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MLB umpires will get a new view this season – on Zoom


NEW YORK — Referees will have a new view this season: on Zoom.

Major League Baseball has entered into an agreement with Zoom Video Communications Inc. allowing on-field umpires to watch videos being evaluated by the replay operations center during disputed calls.

MLB first adopted instant replay in September 2008 for home calls and expanded it to a wide variety of decisions for the 2014 season. There were 1,434 video reviews last season which included 1,261 team challenges, 50.2% of which led to canceled calls.

Until now, the field team leader listened to the replay referee in New York with audio only, joined by the referee who made the initial call if different from the team leader. Umpires headed to the side of the pitch until 2013 to listen on headphones, then from 2014-21 an attendant brought them headphones onto the pitch. Last year, umpires switched to a wireless belt pack, and MLB made it possible for the first time to announce replays and decisions on ballpark PA systems.

This year, referees on the pitch will have 12.9-inch iPad Pro tablets presented to them by a technician. They will be connected to the Zoom contact center and the replay operations center so they can see which replay is being watched. The replay referee always receives the final call.

“You’ll be able to see who’s sitting in the chair, who might be with that person, what rooms they’re looking at, and be able to pair visual interaction with the traditional audio interaction they have when discussing the call on the pitch,” said Chris Marinak, MLB’s director of operations and strategy.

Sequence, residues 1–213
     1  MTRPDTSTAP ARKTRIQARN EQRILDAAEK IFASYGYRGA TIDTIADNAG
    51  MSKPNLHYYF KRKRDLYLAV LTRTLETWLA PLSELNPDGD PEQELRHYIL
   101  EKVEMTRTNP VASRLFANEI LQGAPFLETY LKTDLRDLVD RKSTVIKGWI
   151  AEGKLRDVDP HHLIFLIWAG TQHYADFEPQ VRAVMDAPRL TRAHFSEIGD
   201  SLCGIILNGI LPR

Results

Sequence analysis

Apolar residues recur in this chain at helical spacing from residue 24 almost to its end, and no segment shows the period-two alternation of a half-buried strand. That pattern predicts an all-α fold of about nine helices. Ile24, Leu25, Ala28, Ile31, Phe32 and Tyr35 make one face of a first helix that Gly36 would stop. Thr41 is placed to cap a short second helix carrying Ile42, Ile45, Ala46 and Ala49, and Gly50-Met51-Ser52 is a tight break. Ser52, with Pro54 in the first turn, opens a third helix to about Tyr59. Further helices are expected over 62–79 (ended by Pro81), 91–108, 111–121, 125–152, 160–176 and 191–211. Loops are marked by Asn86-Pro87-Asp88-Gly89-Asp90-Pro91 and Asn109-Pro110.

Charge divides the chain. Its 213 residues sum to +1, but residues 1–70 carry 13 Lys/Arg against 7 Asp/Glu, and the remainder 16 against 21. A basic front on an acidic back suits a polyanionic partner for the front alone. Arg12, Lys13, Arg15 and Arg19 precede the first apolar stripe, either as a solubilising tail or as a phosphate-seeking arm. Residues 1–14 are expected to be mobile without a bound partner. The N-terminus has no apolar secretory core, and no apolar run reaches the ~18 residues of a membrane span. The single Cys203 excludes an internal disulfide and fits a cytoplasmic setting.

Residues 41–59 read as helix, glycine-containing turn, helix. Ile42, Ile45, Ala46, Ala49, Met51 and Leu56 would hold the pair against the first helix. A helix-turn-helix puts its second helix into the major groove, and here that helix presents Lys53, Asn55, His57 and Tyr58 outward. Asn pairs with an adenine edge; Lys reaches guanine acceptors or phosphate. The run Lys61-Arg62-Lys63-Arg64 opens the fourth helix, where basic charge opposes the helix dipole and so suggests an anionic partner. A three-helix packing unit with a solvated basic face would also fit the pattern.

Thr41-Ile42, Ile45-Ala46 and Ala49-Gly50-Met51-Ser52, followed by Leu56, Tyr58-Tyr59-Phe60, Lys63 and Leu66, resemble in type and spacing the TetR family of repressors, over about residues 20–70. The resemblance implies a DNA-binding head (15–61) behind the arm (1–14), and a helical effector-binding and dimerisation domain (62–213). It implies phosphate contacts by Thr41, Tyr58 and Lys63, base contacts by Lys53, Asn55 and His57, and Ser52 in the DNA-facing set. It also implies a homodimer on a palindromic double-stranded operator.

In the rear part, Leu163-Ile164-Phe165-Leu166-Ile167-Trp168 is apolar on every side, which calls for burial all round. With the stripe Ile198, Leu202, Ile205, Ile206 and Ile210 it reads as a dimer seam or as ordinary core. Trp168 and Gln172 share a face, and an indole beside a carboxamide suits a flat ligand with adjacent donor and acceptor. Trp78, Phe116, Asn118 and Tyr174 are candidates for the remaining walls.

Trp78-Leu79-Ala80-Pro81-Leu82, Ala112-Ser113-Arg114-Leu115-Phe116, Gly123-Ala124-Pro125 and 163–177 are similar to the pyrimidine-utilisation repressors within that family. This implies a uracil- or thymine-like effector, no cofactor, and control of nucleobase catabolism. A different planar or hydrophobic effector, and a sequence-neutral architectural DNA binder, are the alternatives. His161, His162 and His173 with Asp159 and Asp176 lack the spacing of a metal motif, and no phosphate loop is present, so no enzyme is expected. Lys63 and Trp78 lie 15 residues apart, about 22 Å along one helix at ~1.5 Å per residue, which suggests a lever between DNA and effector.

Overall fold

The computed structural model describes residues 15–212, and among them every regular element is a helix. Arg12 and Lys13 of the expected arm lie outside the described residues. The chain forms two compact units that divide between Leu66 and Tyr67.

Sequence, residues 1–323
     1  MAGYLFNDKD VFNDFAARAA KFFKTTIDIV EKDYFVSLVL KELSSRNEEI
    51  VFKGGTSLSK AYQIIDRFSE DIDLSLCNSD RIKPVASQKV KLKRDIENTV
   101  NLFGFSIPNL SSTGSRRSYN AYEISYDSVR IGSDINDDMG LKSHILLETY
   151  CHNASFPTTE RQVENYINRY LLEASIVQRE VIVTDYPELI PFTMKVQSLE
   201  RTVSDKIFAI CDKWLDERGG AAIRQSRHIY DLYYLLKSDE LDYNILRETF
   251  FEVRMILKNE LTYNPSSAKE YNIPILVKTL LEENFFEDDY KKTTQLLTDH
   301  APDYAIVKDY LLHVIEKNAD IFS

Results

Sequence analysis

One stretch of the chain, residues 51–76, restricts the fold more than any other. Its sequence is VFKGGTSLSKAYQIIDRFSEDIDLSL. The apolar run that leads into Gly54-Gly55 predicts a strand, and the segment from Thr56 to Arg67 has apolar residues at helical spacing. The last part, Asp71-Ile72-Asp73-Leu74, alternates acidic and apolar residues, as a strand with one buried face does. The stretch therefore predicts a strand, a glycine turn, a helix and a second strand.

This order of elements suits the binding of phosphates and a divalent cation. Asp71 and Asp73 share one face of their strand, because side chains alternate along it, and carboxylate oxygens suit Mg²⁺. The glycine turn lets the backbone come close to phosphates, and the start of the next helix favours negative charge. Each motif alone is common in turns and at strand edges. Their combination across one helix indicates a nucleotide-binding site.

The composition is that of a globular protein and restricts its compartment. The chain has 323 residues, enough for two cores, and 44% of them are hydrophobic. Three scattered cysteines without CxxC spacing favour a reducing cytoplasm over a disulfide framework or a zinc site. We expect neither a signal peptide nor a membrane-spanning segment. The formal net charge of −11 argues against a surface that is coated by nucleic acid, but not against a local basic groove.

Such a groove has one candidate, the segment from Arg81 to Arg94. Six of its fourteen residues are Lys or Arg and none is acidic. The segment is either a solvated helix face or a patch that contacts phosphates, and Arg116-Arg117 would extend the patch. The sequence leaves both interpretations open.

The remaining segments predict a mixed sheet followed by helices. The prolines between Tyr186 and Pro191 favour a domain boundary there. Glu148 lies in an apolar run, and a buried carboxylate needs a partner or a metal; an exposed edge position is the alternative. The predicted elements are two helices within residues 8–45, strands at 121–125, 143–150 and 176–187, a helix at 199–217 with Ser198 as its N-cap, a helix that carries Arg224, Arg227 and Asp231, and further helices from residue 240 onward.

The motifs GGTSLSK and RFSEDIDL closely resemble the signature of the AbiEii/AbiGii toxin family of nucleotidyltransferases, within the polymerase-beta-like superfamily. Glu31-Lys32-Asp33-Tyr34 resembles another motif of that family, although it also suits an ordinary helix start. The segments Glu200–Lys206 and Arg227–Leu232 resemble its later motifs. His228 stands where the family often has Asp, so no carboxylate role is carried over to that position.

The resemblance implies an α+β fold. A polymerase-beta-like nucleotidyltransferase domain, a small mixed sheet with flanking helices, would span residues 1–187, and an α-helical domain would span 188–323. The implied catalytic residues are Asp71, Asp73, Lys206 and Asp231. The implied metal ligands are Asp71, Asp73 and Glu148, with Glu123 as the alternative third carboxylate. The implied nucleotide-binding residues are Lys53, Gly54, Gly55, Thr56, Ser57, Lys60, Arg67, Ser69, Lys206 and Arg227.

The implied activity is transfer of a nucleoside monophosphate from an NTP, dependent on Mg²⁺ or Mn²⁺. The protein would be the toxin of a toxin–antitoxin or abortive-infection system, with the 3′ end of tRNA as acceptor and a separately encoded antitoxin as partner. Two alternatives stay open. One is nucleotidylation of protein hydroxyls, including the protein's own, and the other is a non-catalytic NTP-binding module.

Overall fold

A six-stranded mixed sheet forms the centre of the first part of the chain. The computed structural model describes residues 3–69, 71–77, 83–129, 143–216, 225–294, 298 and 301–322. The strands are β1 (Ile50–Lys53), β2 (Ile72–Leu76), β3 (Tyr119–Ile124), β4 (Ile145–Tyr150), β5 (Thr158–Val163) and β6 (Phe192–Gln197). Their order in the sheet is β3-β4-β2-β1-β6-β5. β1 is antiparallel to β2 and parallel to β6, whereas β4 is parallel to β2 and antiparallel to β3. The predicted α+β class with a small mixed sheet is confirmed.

A limited number of shows will have access to Zoom videos seen by umpires: Apple TV+ and MLB Network Showcase TV shows. Marinak said the new technology could become available for post-season telecasts, and baseball stadium video cards will have access to Zoom views of telecasts — which will be branded with the company.

Zoom will also be used by MLB on day one of the amateur draft in Seattle on July 9. It’s too early to determine if Zoom can be integrated into robotic plate umpires, with the automated ball-hitting system being tested throughout Triple-A this season. .

“This whole ecosystem is open to innovation and experimentation,” Marinak said. “We are absolutely going to try things out and see what sticks. For ABS, I think it’s too early to say that we’re set on a particular process and technology for the long term. I think we still do a lot of experimentation and are open to really anything as we try things at the minor league level.

Zoom, launched in 2011, has been increasingly used by MLB teams during the pandemic. For much of 2021 and 22, Zoom replaced in-person media availabilities for players and managers.

“They’ve been customers for many years using our meetings, our rooms, our phone technology, and then deeper integrations, as we know over the last few years the way people have leveraged video has really evolved,” said Janine Pelosi, Zoom’s Chief Marketing Officer. “What I think it’s going to do is add that technology where it doesn’t get in the way of the game. I think that’s essential. And it’s going to bring fans into the experience.


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Joanna Swanson

Joanna Swanson is Europe correspondent at the Thomson Reuters Foundation based in Brussels covering politics, culture, business, climate change, society, economies and inclusive tech. With specific focus in breaking news, she has covered some of the world's most significant stories.